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Clara A Swain Md by Mrs. Robert Hoskins


The two ladies, whose previous slight acquaintance had ripened into warmest friendship during their weeks of journeying together, had hoped that they might be associated together in mission work, but it was not so to be. Miss Thoburn was appointed to educational work in Lucknow, and Dr. Swain found that she was to remain in Bareilly. This appointment gave her the opportunity to begin her medical work at once, for there were not only the girls' orphanage, for which Mrs. Thomas had so long desired efficient medical help, but scores of Christian women who could not go to the city hospital. In addition to these, there was the class of fourteen intelligent Christian girls that had for two years been receiving excellent preparatory training from Mrs. Thomas, who had fully believed that her prayer for a lady doctor would be answered and that these girls would yet have the opportunity for the study of medicine. Mr. and Mrs. Thomas were well acquainted with several of the wealthy and influential natives of the city, and Mrs. Thomas welcomed the opportunity to introduce her doctor friend to these homes.

There was no lack of patients for the new doctor; for in addition to her work in the orphanage and her medical class, calls to native homes in the city became more and more frequent. At the end of the first six weeks after her arrival in Bareilly, Dr. Swain's note book recorded one hundred and eight patients. Her report to the conference, after a year of such service as she had never dreamed of, gave the number of patients prescribed for at the mission house as twelve hundred and twenty-five, and of visits to patients in their homes, two hundred and fifty.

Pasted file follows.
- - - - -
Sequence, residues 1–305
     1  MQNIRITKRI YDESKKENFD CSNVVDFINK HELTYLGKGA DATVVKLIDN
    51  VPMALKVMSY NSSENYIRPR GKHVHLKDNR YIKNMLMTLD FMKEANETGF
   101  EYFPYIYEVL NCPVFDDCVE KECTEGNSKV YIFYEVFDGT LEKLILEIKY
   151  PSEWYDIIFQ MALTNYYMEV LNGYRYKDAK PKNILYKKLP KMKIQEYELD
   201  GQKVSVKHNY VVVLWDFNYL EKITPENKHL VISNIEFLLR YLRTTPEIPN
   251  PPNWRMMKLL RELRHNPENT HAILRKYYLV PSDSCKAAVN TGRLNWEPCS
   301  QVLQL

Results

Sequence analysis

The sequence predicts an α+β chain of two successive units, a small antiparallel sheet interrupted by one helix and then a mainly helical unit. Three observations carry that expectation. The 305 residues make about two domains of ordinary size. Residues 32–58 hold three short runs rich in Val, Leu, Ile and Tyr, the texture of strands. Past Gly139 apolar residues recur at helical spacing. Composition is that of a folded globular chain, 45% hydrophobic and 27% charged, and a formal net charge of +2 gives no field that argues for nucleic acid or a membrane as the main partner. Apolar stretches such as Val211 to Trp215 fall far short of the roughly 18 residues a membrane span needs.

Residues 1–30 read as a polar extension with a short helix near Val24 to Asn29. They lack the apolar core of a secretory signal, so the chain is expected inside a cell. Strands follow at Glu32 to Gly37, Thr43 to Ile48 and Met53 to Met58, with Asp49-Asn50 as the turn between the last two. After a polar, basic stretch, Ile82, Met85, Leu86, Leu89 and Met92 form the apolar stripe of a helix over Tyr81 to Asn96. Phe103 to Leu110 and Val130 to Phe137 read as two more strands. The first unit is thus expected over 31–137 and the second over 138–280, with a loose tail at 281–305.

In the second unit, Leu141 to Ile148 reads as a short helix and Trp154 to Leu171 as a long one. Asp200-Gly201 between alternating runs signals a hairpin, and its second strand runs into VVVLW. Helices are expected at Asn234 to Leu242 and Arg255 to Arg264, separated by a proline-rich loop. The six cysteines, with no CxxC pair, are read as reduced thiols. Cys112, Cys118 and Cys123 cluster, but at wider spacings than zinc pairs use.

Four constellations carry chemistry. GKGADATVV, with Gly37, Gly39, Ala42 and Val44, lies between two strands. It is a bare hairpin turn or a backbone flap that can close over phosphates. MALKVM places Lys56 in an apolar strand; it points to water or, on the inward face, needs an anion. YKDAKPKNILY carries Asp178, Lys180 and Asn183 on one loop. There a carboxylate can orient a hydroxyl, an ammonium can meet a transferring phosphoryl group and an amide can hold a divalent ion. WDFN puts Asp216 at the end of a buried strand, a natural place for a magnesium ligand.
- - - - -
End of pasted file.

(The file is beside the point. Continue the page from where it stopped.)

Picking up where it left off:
The young women of the medical class were gaining practice and experience by caring for the sick in the orphanage and the Christian village, and sometimes accompanying Dr. Swain to visit her city patients, and they were also becoming proficient in compounding and dispensing medicines. This class, begun March 1, 1870, was graduated April 10, 1873, having passed an excellent examination before two civil surgeons and an American physician, from whom they received certificates entitling them to practice in all ordinary diseases.

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